Is there any function to retrieve the path associated with an inode?
I am writing a utility that walks a directory tree on Mac OS X (10.6 and higher) and tries to detect changes that have occurred since the directory was last synchronized with a back-up location.
When I initially synchronize the files and folders I obtain the inode number and store it in the database record for that file or folder:
NSString *oldFilePath = /* ... */; NSError *error = nil; NSDictionary *attributes = [[NSFileManager defaultManager] attributesOfItemAtPath:oldFilePath error:&error]; /* set database record for oldFilePath to [attributes fileSystemFileNumber] */
When I encounter a new file or folder I first do a database lookup using the inode number to find the original file, if any.
But in the case where a file has moved from a parent directory to a sub-directory, and I am trying to detect changes to the parent directory I would like to be able to use the saved inode number to identify the new path so that I can distinguish between a move and a delete.
4 Solutions Collect From Internet About “Is there any function to retrieve the path associated with an inode?”
inode numbers are only unique within a filesystem, so you need at least device and inode number to identify a file.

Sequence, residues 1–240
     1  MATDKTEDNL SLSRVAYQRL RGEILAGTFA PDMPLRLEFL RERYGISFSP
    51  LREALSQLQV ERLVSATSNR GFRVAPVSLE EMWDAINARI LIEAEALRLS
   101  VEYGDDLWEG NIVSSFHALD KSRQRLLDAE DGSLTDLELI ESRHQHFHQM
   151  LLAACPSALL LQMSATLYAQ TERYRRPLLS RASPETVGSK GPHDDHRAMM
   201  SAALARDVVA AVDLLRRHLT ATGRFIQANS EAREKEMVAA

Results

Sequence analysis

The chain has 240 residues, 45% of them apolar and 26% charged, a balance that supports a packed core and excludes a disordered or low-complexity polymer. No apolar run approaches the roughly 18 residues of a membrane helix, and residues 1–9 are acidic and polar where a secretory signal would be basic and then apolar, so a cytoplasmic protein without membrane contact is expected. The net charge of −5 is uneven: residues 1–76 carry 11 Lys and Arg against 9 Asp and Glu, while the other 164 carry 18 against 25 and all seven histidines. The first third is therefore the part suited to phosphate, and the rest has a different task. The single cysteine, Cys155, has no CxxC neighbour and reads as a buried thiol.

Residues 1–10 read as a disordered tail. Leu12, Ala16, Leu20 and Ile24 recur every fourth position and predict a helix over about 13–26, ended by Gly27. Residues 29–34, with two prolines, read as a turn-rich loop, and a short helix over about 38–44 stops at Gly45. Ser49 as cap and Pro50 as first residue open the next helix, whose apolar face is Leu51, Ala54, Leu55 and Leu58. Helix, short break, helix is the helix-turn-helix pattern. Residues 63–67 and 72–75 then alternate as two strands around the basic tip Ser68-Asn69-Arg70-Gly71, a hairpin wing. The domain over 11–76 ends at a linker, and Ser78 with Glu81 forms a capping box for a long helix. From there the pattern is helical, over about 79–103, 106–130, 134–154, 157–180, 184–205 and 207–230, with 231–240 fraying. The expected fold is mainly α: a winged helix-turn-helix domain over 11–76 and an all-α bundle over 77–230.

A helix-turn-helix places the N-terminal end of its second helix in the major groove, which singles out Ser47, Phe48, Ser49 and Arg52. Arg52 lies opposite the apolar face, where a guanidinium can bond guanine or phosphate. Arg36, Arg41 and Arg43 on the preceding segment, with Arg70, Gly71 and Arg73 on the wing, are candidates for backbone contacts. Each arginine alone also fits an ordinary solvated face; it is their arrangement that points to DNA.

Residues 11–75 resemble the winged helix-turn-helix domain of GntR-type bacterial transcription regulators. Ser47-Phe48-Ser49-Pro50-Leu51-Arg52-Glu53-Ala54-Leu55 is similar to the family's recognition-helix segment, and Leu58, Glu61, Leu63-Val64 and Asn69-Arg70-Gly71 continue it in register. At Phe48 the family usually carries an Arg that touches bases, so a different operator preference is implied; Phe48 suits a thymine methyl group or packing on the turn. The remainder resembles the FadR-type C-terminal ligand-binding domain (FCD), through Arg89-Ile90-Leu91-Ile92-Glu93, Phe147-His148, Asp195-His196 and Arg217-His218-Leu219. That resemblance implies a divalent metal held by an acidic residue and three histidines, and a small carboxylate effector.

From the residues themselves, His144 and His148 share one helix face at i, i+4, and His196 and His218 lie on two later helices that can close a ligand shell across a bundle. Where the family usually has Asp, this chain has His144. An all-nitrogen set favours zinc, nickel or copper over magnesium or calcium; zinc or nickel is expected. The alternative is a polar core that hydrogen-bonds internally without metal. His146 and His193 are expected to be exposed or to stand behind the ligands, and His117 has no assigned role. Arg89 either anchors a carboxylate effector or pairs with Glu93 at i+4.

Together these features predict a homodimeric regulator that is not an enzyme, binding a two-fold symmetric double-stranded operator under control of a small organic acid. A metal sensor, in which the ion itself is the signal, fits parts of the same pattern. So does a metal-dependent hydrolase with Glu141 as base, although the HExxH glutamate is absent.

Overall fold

On the HFS+ file system, the inode number is in fact identical to the “Macintosh File Id”, and there is a special “/.vol” filesystem that allows you to find a directory by device and inode.
$ cd /.vol/234881029/342711 $ pwd /Volumes/Data/tmpwork/test20/test20.xcodeproj $ stat . 234881029 342711 drwxr-xr-x 5 martin staff 0 170 ......
As you can see, 234881029 is the device number of “/Volumes/Data”, 342711 is the inode number of “tmpwork/test20/test20.xcodeproj” within that filesystem, and
transferred you directly to that folder. You could now use
getcwd() to determine the real path to that folder.
The “/.vol” filesystem is documented in the legacy Technical Q&A QA1113.
Disclaimer: I tried this only on OS X 10.7 and I am fairly sure that it works on older systems. I have no idea if you can rely on this feature in future versions of OS X. Also it is very HFS specific.
On Mac the GetFileInfo command performs a reverse lookup of inode numbers.
file: "/path/to/file" ...
Martin R’s answer only works on directories.
On Unix-like systems, many filenames may reference the same inode, so you’d have to search the filesystem. I don’t know if MacOS provides a shortcut.
Note that, as explained above, the /.vol/ ‘magic’ directory needs the device ID for the volume, and the inode of the directory or file. You can get the device ID of the volume as the first number returned by
stat as explained in a different answer here.
# stat returns device ID as '234881026' and confirms inode is '32659974' ~$ stat /Volumes/Foo 234881026 32659974 lrwxr-xr-x 1 root admin 0 1 ... /Volumes/Foo # access file using ./vol/<device ID>/<inode> ~$ cd /.vol/234881026/1017800 :../Prague 2011 March$ ~$ GetFileInfo /.vol/234881026/1017800/IMG_3731.JPG file: "/Users/roger/Pictures/Prague 2011 March/IMG_3731.JPG"
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